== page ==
Friday, May 4, 2012

111 Girls Who Kick Ass, 1 through 6: Runaways

Ah, Runaways.

I haven't paid much attention to this series in quite a long while --- Brian K. Vaughan and Adrian Alphona, the creators and "real parents," left it to do other things in 2007 --- but it is one of my favorite comic books in the history of comic books, a title it holds in no small part because of its several brilliant examples of girls who kick ass.

Before we talk about the girls themselves, I want to mention a few things about the series:

* If you love superheroes, Runaways is something you should read. If you love comic books but hate superheroes, Runaways is something you should read. If you're not really into comic books but are willing to give them a chance, Runaways is something you should read. Basically, Runaways is something everyone should read. The only way I can imagine anyone NOT loving it is if you're one of those people who just can't stand sci-fi or fantasy stories, as there is an abundance of both.

* Runaways is very special among superhero comics because, with a few exceptions, the team always has six members --- and only two of them are boys. Brian K. Vaughan's original pitch is very adamant on this point (his exact words are something like, "To hell with tradition!"); even after the line-up is shaken for whatever reason, it eventually settles down to four girls and two boys. So you sort of can't help looking at more popular mainstream books and asking, "Is this really that hard?"

* Honestly, as much as I love the series, it's difficult for me to talk about very much because a) it's one of those things where you'd really rather not spoil anything for a new reader and b) it only takes about three sentences for me to just lose myself and start gushing. It's that good. Basically, the only thing I say when someone asks me why they should read it --- other than the girls who kick ass and the involvement of a dinosaur from the future --- is, "It's about a bunch of kids who find out their parents are supervillains."

Alright, then. Let's get to it!

1. Nico Minoru

Apart from her wickedly good fashion sense (just look at that get-up), I primarily adore Nico for two reasons:
  • She's a witch! Which she didn't even suspect until everybody found out their parents were evil. Any story about magic that's worth reading will eventually reveal that, while it may be ridiculously powerful, magic always has its limits, and Nico is a great example of that. She wields the mysterious Staff of One (which, by the way, lives in her SOUL until she uses BLOOD to draw it out --- intense) (also, there's at least one scene where she draws it out without cutting herself . . . because she's on her period; that kind of thing just does not happen in most superhero books), and can use it to do pretty much anything she can think of . . . once. HOWEVER. Throughout the entire series, it is subtly (sometimes not so subtly) implied that she'd be a lot more powerful if she knew a little more about magic.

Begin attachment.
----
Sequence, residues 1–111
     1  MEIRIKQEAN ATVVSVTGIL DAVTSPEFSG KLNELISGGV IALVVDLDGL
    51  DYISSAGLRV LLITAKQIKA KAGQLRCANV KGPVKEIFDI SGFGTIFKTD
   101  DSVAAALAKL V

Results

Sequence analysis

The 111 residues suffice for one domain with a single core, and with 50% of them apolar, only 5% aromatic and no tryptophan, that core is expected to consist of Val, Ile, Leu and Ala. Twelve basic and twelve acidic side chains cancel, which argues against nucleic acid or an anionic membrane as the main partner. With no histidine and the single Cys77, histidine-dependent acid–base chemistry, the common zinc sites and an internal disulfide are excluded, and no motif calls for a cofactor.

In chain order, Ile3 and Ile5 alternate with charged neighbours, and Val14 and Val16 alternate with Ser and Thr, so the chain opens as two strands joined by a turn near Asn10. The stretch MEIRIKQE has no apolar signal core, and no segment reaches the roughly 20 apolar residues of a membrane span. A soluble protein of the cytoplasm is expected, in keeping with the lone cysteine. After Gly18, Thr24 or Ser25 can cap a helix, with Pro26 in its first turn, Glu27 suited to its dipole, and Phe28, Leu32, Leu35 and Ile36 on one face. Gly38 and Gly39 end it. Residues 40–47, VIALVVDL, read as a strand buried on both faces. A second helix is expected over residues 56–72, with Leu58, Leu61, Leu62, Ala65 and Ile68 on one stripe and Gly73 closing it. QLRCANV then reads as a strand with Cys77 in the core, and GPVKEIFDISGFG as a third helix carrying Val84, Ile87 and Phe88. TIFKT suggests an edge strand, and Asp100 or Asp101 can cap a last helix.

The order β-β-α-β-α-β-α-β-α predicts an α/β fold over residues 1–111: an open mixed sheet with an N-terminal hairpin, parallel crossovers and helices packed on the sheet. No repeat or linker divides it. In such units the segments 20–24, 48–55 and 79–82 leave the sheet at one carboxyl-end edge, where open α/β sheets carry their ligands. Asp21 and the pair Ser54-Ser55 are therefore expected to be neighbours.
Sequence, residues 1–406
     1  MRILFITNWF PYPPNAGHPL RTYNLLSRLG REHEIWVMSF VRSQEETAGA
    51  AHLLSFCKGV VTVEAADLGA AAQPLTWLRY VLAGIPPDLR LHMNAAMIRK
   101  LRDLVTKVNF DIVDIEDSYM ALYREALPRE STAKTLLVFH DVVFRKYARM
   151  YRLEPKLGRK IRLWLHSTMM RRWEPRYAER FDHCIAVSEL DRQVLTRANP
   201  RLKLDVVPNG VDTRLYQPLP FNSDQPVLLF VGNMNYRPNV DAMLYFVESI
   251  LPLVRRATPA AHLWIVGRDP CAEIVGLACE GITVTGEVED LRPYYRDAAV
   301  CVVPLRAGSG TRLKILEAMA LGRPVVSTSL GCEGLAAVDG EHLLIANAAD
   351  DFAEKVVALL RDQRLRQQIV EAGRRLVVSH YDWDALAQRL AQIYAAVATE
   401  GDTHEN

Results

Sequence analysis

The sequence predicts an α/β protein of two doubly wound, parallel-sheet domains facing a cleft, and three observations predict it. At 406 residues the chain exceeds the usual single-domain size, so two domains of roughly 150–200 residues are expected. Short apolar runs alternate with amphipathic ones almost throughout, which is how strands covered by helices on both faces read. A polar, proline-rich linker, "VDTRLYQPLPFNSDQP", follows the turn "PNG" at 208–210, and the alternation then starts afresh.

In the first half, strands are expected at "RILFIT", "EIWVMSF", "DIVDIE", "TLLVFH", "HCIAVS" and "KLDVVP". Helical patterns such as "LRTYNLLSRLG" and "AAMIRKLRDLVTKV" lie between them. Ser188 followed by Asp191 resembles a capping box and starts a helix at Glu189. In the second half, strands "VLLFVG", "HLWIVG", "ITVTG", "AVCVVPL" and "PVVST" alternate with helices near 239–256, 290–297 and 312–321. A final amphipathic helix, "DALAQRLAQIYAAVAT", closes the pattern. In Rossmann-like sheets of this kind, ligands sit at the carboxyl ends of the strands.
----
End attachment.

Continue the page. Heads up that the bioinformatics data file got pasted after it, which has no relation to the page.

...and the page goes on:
•  She's Japanese, but she does not, for example, cast spells by drawing kanji in the air. That's refreshing.                    
Also, she eventually becomes team leader --- long story --- and, when a new member asks her if they have a rallying cry, like "Avengers Assemble!" or "It's Clobberin' Time!" . . . she thinks about it for a sec and just says, "Try not to die."

2. Gert Yorkes

  • First of all, it is just so great to see a female comic book character who is not a stick. Furthermore, it is too great for words to see a female comic book character who is not a stick who is not just "the fat one." Gert is not merely comic relief. Well, I mean, she does provide a fair amount of comic relief, but that's because she has an acerbic wit, NOT because she's always stuffing her face with candy during fight scenes.
  • Most of the first arc revolves around the kids discovering their powers and gadgets and whatnot. Even though her teammates include a witch and an alien, Gert may have one of the coolest "powers" in the history of comics: She has a very special pet . . .

3. Old Lace
  •  Old Lace is from the 87th century (Gert's parents are time travelers). She has a nose ring. She's very intelligent. She's empathically bonded to Gert. Even if you ignore all of these facts, though, you can't get around the fact that she kicks ass just because she's a DINOSAUR.